Everyone has pressure to perform and fit in at work; name any demographic and they will say it is tougher for them than it is for others. Is it equally hard for everyone and are some groups making it even harder on themselves?

Sociologists Marlese Durr of Wright State University and her co-author Adia Harvey Wingfield of Georgia State University at the the annual meeting of the American Sociological Association (ASA) say it is tougher for black women professionals than white women, lesbian women, all men, Hispanics, Latinos, Asians and even the French in America because black professionals engage in two types of "emotional performance" in the workplace that they say others do not: General etiquette and 'racialized' emotion maintenance.

And black women professionals place even more pressure on themselves, they state. Whether it's stressful, inauthentic or downright draining, Durr claims that emotional labor is "a crucial part of black women's self-presentation in work and social public spaces." These efforts to fit in can, in effect, make African American women feel isolated, alienated, and frustrated.

"Our analysis of these aspects of workplace behavior reveals that women and men co-mingle etiquette and emotion maintenance to be accepted in the workplace and to fit white expectations," said Durr. "This emotional overtime in the workplace strengthens race/ethnic group solidarity."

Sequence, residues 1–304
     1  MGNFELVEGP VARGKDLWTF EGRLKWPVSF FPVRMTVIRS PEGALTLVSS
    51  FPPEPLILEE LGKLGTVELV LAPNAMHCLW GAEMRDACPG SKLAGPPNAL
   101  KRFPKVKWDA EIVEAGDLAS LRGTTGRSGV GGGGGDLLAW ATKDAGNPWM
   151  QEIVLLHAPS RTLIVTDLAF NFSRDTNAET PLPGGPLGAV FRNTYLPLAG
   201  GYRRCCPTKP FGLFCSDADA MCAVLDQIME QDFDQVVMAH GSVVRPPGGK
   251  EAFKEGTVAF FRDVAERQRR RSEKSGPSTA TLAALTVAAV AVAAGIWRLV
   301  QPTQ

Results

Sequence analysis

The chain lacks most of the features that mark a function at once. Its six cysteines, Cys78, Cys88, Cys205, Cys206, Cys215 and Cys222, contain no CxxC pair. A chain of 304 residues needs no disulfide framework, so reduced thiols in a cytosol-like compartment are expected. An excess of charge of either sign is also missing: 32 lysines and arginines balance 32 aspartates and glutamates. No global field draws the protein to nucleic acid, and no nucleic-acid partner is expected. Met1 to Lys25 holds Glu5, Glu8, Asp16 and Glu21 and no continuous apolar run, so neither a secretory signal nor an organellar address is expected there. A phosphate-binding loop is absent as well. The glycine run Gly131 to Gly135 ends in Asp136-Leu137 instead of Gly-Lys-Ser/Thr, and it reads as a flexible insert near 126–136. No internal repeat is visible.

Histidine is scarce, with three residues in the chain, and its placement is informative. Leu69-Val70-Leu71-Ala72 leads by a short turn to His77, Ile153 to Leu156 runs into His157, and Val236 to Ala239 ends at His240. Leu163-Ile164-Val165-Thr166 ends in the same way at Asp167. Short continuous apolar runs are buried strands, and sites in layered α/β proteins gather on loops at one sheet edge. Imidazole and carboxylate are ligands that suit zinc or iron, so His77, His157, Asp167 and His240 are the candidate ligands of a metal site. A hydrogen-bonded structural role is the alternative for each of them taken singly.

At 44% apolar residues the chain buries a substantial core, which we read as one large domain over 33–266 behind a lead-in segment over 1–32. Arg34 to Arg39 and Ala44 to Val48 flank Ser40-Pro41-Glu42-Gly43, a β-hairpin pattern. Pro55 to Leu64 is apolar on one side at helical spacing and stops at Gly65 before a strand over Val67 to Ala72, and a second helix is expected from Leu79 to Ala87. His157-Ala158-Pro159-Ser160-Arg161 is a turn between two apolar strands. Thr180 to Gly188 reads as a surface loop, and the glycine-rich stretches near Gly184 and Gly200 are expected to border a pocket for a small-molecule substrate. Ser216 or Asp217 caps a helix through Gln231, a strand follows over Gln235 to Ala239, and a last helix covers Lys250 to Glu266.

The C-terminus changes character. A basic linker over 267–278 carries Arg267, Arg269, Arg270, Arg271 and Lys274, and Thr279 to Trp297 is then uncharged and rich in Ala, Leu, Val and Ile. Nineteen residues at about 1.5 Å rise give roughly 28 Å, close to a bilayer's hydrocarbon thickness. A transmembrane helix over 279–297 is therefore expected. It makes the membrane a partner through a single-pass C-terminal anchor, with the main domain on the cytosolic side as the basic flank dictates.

Durr and Wingfield illustrate emotional labor as performance with a quote from an African American woman who says of her workplace peers, "They…are careful to remember…'that's not professional. Remember they got the s[hit] that'll get you bit! Keep your Negro in check! Don't let it jump up and show anger, disapproval, or difference of opinion. They have to like you and think that you are as close to them as possible in thought, ideas, dress and behavior.'"

Yes, that is apparently a science data point.

Marlese Durr, PhD, is an associate professor of sociology at Wright State University, in Dayton, Ohio, where she has taught for 14 years. Durr's research focuses on the area of organizations, work and occupations and race and gender and is the author of The New Politics of Race: From Du Bois to the 21st Century (Praeger Press, 2002) and Work and Family, African Americans in the Lives of African Americans with Shirley A. Hill (Rowman & Litttlefield, 2006).

Adia Harvey Wingfield is assistant professor of sociology at Georgia State University in Atlanta, where she has taught for two years. Her research focuses on the ways race, gender and class intersect to affect various groups in different occupations and workplaces. She received her PhD in 2004 from The Johns Hopkins University, and is the author of Doing Business with Beauty: Black Women, Hair Salons, and the Racial Enclave Economy (Rowman & Littlefield, 2008), a study of working-class black women entrepreneurs.

The paper, "Keep Your 'N' In Check: African American Women and the Interactive Effects of Etiquette and Emotional Labor," was presented on Sunday, Aug. 3, at 2:30 p.m. at the Sheraton Boston at the American Sociological Association's 103rd annual meeting.